Lisette Bamenga, the 29-year-old Bronx woman who is accused of gassing her two young children to death, used the Internet to show her how to carry out her alleged crimes, the New York Daily News reports.
At Bamenga’s arraignment on Thursday, prosecutors said that she first poisoned her 5-year-old son and infant daughter by lacing their grape juice with windshield wiper fluid. According to prosecutors, Bamenga read on the internet that she needed two table spoons of the substance to kill her kids. But when that didn’t work, she drowned them in a tub in her apartment. After drowning her children, she took their bodies to the kitchen, dressed them and turned on the gas stoves. Bamenga then slit her own wrists hoping to kill herself, but she survived.
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The reason for her alleged crimes: Her NYPD cop husband, Trever Noel, allegedly had a baby with another woman. “It’s not fair, Trevor had a baby with another woman,” Bamenga allegedly said (to police).
She also allegedly told police investigators that she wanted to die so that she could be with her children. The Daily News has more:
“I want to die,” Bamenga allegedly told investigators. “I want to be with my babies.”
Bamenga’s attorney, Paul Brenner, addressed the two counts of felony murder on Bamenga’s behalf.
“We enter a plea of not guilty,” Brenner said.
The woman, who faces life in prison, said nothing during the proceedings. She was arraigned via computer link while she sat in her Jacobi Medical Center bed. Brenner was by her side.
Brenner said he was outraged that investigators interviewed Bamenga while she was “unconscious” and without his presence.
“It’s an egregious violation of standards,” he said from a computer monitor, which only the judge could see. “They came to the hospital and took statements from an individual who was in no condition to speak to anybody.”
Bamenga is being held without bail and is scheduled to be in court on July 16.
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Continue reading Mom’s Internet Research Allegedly Helped Her To Kill Her Kids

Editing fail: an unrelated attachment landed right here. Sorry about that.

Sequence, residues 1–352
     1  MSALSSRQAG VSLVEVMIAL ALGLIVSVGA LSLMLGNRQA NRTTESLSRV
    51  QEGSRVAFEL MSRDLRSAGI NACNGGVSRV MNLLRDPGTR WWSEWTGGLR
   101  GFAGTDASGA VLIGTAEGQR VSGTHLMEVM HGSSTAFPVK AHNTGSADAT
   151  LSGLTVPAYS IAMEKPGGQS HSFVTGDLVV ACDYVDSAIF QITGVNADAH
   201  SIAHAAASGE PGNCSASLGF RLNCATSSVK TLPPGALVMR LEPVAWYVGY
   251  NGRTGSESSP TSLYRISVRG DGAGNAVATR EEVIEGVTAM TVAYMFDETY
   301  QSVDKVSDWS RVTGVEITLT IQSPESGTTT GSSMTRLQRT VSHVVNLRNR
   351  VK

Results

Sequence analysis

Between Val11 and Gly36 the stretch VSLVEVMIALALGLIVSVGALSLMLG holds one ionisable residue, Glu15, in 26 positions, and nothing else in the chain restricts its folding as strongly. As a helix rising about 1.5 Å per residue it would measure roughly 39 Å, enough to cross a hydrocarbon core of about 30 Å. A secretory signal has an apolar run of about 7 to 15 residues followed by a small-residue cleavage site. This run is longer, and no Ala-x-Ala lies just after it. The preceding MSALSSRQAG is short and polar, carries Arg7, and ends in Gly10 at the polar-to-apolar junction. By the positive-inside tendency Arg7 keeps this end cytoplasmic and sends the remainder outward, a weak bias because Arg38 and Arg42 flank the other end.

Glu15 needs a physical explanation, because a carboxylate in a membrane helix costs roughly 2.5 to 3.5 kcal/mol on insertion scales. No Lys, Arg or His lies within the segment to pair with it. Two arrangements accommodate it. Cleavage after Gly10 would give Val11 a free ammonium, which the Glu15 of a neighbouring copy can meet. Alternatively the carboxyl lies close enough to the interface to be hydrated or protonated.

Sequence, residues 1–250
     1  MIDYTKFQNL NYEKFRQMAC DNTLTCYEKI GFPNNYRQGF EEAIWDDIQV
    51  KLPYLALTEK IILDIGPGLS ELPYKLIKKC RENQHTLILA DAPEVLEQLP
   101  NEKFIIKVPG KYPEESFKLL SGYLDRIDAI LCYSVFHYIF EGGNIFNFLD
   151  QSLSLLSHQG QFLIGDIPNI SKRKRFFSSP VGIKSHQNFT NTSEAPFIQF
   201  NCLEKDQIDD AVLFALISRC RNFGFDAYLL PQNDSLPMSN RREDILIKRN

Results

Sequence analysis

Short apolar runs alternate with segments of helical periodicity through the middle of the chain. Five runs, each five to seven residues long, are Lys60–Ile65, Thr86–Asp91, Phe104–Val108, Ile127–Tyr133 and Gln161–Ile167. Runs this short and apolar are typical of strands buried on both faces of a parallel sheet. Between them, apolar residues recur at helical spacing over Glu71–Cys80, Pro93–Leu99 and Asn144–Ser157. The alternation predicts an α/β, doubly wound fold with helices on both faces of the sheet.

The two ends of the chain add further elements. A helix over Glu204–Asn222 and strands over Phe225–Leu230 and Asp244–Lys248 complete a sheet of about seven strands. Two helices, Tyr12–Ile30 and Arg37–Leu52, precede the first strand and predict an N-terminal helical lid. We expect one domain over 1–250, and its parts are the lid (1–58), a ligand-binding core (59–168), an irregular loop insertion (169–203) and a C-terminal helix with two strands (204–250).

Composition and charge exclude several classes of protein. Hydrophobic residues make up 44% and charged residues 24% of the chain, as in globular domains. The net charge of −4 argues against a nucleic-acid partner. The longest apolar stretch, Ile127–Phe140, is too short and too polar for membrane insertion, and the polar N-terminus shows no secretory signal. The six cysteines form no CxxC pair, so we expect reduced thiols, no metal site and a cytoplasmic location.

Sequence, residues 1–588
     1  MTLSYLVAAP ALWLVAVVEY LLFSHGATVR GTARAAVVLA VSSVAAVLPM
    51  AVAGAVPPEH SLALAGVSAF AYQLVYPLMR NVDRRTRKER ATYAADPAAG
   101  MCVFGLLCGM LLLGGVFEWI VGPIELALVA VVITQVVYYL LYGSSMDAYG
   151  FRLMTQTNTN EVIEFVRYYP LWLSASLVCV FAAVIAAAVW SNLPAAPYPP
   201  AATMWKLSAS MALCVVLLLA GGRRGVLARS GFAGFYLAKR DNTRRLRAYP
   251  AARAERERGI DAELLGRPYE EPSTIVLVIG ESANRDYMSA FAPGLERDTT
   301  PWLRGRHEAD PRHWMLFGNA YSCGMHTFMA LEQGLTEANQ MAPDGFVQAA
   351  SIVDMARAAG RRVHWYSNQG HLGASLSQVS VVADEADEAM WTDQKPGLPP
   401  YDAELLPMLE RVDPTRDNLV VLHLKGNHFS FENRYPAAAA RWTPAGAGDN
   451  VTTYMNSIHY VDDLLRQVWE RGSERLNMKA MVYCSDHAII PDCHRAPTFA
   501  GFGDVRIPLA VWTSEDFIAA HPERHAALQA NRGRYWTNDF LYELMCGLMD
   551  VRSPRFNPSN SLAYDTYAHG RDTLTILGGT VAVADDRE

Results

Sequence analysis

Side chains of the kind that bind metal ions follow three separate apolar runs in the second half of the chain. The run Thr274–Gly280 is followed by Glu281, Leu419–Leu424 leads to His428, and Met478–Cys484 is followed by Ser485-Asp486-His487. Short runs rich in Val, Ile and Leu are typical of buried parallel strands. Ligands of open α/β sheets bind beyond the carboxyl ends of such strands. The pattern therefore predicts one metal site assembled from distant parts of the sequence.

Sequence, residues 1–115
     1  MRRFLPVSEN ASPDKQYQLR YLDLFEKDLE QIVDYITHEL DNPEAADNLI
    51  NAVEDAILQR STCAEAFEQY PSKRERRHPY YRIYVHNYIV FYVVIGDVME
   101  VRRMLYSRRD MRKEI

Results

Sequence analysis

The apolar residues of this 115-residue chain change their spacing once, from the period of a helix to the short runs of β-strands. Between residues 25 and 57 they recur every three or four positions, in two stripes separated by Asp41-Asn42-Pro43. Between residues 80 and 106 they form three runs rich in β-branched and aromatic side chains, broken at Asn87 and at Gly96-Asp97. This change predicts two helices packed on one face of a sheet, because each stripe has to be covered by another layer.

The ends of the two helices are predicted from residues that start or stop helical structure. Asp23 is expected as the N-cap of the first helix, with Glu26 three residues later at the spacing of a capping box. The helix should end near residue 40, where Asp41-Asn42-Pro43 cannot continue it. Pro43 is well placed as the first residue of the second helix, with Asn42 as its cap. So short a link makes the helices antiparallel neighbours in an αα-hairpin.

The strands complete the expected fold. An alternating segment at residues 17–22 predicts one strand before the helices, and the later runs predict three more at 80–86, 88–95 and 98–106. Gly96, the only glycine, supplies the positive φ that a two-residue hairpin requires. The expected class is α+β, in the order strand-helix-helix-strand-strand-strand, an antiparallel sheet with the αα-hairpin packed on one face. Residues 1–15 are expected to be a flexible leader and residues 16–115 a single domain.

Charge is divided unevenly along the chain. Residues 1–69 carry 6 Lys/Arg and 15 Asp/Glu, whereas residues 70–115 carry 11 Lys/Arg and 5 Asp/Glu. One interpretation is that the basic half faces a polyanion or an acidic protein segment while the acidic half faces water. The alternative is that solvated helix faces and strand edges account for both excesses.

Top Black Pop Culture Moments Of 2015
From <a href="http://hellobeautiful.com/2015/12/22/sandra-bland-family-non-indictment/" target="_blank"><strong>Sandra Bland</strong></a> to the shootings in <a href="http://hellobeautiful.com/2015/06/20/why-is-south-carolina-using-a-judge-in-the-charleston-church-massacre-who-has-used-the-n-word-before/" target="_blank">Charleston, South Carolina</a>, African Americans were sadly reminded that being <a href="http://hellobeautiful.com/2015/12/13/police-brutality-2015/" target="_blank">Black in America</a> is much harder than it ought to be. And yet in the same breath, 2015 was a year of Black joy during which our culture dominated not only in our lives, but in the mainstream consciousness. From <a href="http://hellobeautiful.com/2015/07/16/lee-daniels-and-taraji-p-henson-emmy-empire/" target="_blank">Cookie Lyons</a> to the <a href="http://hellobeautiful.com/2015/10/17/ebony-editor-comments-cosby-cover/" target="_blank">Cosby <em>Ebony </em>cover</a>, our brilliance helped to push the conversation, affirm our greatness, make history and most important, make us laugh.
So to celebrate that greatness, we put together this list of the most defining Black pop culture moments of 2015. And don’t worry: <a href="http://hellobeautiful.com/2015/12/08/rachel-dolezal-interview/" target="_blank">Rachel Dolezal </a>is nowhere to be seen.